Depreciating Kwacha hurting external obligations

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money_imageTHE MINISTRY of Finance has complained that the depreciating Kwacha is hurting external obligations which included paying Zambia’s diplomats and debt servicing.
And the ministry says it will not hesitate to recall idle public funds being kept in commercial bank accounts.
Last month, the Treasury released K1.6 billion, predominantly into capital projects, poverty reduction and employment creation activities as part of the implementation of the 2014 national budget.
Among the salient expenditures of the Treasury last month included

the equivalent of K342.8 million for foreign currency purchases, of which an equivalent of K307 million about US million went towards repayment of arrears owed to PTA Bank for fuel purchases, K35 million was shipped to Zambia’s foreign missions for staff emoluments, and K1.8 million was a scheduled external debt amortisation.
“These transactions had a tow on the exchange rate, however, foreign exchange demand is expected to taper-off this week,” stated Treasury.
Treasury also injected K165 million from the US$1 billion sovereign bond towards recapitalising Zambia National Building Society.
“These funds have significantly improved the resource base for ZNBS and we anticipate improved onward lending to the public as mortgages in form of home purchase loans, construction loans, home improvement loans, and loans under employer-assisted schemes,” according to Treasury.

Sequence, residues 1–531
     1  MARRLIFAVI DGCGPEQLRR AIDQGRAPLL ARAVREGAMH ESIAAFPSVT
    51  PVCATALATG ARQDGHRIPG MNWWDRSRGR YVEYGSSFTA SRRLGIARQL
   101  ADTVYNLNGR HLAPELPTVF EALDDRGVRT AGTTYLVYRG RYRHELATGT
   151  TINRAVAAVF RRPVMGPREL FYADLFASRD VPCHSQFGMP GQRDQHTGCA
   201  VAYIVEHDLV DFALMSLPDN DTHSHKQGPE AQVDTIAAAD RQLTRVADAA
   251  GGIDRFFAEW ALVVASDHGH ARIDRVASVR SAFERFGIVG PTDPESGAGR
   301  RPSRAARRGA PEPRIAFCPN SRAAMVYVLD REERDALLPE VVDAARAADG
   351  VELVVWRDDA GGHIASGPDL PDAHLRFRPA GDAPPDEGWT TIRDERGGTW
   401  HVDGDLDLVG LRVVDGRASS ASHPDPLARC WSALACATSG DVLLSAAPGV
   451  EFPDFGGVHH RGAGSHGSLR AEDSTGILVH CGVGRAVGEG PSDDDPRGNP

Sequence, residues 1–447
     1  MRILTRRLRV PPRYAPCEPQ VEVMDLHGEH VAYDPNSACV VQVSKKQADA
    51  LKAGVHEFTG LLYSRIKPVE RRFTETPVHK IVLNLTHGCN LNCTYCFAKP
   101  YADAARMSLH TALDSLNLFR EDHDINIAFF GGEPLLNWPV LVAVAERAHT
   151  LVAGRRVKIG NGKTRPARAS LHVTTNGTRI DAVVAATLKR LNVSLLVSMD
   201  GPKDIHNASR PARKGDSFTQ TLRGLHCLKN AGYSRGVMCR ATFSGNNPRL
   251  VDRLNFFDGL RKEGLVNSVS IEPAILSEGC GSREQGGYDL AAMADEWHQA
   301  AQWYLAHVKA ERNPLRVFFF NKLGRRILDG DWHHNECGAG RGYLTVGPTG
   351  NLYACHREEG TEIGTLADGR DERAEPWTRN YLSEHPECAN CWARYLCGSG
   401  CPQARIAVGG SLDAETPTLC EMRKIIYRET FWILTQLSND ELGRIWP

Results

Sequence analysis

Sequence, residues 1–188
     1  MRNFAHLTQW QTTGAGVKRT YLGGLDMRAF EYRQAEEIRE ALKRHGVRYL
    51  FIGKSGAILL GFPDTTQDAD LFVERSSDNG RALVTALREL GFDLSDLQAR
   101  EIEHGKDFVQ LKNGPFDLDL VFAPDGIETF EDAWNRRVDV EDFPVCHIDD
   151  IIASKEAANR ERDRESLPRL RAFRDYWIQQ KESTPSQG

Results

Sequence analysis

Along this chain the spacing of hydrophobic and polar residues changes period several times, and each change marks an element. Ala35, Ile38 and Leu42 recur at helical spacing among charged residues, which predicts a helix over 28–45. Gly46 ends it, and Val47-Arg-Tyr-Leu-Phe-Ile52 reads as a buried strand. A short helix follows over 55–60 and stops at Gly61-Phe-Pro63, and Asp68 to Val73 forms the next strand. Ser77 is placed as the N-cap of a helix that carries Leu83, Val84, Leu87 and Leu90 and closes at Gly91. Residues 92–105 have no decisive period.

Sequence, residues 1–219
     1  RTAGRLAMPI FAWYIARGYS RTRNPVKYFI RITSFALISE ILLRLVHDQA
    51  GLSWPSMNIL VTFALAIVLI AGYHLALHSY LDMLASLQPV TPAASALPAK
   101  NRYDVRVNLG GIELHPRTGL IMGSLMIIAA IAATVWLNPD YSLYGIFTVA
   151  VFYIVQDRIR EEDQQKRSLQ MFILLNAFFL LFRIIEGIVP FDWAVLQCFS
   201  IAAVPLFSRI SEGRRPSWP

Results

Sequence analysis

And secretary to the Treasury Fredson Yamba threatened to allocate funds lying idle in commercial banks to needy areas and sectors.
Yamba, however, did not indicate how much money from government ministries and spending agencies was currently lying unutilised in commercial banks.
Yamba said the Treasury wanted to see that public funds were utilised for intended purposes.
“We must not wait for the next rains to catch up. Therefore, the Treasury will not hesitate to recall idle funds being kept by some ministries in commercial bank accounts, for re-allocation to needy programmes,” Yamba said. “We also want to see that public funds are utilised for intended purposes. In doing so, we will be assured of results that are beneficial to the people of Zambia and reassuring to the regional and international community about our ability to transform the Zambian economy into one of the best in Africa.”
He said there was need to ensure that the released funds are implemented expeditiously before the commencement of the rainy season.
“At all levels of governance, it is also important that everyone familiarises themselves with the statutes, regulations and guidelines on management and administration of public funds to ensure that the intended beneficiaries are touched by these resource outlays, in a timely, positive and sustainable manner,” said Yamba.

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